My grandfather, Fay George Cotton was born in 1878 in the home of his uncle in western Iowa. His father, Truman Earl, died when Grandpa was five and his sister, May, was seven. His mother, Lydia Medders, now a young widow with two children, moved back to Bremer County, Iowa, to live with her father, Aaron Medders. She died when Grandpa was 13 and Aunt May was 15.
In those days, there were no Social Service or welfare agencies. People did for themselves and asked for nothing from anyone. Grandpa and his sister headed west to Nebraska, where she took a job teaching in a country school---by fall, she was a 16 year old School Marm. Grandpa found work as a stable boy and horse handler on the ranch of Buffalo Bill Cody near North Platte. He remembered those days fondly and often told me the horse barns were cleaner and better built than some people's homes. We visted there a few years ago, and it was true!
Grandpa was big man, 6'4", lean and strong. A man that size was a giant in his day. He loved horses and never owned a car, even though he lived until 1966. He thought every kid needed a horse, so he bought me one---an older, gentle buckskin pony. We lived in town, and even though he was far from rich, he paid rent for pasture space across the road, and for the use of the small barn. He carried water to Buck daily, and taught me how to groom him. I can still hear Buck crunching his oats and hay and hear his soft snorts of pleasure, smell that wonderful, musty horse smell, and feel his velvety nose nuzzleing me. Grandpa was right--- every kid should have a horse.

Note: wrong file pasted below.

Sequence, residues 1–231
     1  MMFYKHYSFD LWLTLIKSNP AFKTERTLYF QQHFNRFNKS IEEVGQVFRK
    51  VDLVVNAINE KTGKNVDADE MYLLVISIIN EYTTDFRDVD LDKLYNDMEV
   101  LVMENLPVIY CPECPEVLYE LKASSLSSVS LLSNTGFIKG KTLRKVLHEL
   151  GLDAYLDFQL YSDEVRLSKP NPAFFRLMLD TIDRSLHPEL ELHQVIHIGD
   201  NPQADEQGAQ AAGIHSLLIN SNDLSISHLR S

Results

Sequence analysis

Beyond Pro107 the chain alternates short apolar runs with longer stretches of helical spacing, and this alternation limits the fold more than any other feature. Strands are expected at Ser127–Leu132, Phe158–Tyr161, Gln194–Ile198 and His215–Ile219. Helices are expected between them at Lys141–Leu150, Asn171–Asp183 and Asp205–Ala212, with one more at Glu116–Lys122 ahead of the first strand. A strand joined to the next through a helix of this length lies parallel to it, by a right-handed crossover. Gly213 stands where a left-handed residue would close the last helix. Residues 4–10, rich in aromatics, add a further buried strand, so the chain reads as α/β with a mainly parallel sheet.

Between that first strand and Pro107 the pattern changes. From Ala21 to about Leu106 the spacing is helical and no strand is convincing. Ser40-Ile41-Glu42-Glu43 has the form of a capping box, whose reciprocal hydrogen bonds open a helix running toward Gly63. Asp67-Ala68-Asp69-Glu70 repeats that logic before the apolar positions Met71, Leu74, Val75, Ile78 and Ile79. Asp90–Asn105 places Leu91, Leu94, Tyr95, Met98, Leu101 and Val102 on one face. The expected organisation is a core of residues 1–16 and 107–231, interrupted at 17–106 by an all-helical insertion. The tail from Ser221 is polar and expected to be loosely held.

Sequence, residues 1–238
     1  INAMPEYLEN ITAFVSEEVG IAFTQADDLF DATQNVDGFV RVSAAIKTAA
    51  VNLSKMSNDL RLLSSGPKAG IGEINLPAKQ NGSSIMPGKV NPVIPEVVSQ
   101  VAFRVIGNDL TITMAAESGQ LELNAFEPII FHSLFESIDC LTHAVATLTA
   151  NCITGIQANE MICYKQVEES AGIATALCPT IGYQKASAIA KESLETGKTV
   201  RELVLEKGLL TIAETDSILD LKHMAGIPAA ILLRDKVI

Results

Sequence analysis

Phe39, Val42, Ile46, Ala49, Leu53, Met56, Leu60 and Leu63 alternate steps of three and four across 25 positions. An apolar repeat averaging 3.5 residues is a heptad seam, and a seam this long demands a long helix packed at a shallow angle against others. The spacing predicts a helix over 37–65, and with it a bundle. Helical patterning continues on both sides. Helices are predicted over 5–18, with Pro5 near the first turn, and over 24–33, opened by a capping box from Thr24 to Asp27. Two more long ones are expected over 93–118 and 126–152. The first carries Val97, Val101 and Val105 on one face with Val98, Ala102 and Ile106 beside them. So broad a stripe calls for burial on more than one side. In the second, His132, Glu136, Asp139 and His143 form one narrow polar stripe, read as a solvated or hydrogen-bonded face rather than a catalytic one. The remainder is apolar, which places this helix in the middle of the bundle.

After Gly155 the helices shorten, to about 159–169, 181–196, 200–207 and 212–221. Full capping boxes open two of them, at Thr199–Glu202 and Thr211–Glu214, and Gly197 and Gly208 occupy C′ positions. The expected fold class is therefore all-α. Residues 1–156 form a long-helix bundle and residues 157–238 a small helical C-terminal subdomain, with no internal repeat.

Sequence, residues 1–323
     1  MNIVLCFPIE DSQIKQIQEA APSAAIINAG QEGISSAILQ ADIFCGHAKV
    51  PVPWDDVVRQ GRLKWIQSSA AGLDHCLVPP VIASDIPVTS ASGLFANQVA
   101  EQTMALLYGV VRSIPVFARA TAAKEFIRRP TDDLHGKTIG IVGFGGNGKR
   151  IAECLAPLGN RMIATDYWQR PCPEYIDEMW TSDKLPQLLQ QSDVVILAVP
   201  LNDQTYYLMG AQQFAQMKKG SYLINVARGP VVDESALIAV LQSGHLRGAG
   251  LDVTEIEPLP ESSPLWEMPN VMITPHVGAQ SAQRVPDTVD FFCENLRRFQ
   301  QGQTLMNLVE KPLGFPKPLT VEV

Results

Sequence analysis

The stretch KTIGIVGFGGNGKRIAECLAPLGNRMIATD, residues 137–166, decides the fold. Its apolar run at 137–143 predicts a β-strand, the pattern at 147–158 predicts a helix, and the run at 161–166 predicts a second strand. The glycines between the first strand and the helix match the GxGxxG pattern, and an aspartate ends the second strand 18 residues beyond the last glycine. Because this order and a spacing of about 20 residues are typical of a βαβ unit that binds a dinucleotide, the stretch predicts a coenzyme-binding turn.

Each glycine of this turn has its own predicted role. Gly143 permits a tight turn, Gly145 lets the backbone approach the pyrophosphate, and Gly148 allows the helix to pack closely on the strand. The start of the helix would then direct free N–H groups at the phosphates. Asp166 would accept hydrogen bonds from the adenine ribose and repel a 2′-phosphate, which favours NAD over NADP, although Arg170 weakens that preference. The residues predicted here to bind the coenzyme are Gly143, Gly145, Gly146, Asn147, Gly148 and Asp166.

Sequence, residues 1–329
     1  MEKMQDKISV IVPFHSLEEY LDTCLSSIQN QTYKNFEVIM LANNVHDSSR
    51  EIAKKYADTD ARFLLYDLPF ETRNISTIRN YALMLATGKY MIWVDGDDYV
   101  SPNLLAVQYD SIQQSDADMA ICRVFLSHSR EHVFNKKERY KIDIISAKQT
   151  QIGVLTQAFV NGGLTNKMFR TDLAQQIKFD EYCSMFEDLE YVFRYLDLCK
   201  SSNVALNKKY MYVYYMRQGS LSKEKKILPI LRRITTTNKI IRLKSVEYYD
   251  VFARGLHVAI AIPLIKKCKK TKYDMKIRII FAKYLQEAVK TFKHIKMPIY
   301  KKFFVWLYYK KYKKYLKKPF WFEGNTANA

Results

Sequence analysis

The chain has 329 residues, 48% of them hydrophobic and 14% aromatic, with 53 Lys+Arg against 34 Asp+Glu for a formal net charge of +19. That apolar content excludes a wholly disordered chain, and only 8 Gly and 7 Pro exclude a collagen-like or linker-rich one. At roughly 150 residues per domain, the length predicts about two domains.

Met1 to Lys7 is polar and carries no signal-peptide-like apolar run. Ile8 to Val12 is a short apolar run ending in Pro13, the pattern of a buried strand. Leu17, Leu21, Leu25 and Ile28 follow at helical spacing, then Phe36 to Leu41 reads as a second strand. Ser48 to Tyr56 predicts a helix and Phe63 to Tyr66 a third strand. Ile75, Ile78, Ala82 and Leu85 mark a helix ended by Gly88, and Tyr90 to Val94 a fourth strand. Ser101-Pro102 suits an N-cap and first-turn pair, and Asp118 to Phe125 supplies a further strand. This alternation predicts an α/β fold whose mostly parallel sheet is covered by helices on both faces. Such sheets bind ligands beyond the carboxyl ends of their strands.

I was an only child. Grandpa had experienced being alone, so he made sure I had a dog and a cat. Bootsie and Tommy would follow me to the barn. Dog, cat, and little girl would lie in the hay beside the buckskin and enjoy each other's company, staying warm even in winter.
The rolling hills of the pasture were where the west began, rising and inviting adventure and imagination. One day when Grandpa and I were walking, talking, and looking for crocus, (Pasque flowers), Bootsie becme agitated and began barking. We walked to see what had her interest, and sunning itself on top of the hill was a huge bullsnake with a great swelling in its middle. Here was a lesson in life and death as grandpa explained the snake must have eaten a rabbit and was taking a nap in the spring sun as it digested its meal.
Sometimes, we sat on a granite boulder on the hillside and viewed the block houses of the 7th Cavalry and the Missouri. Grandpa told me about the journey of Lewis and Clark, and the fate of Custer's men at Little Big Horn. Learning history, botany, biology, animal behavior from Grandpa was a lasting way to learn. And we always took a bouquet of wild flowers home to Grandma.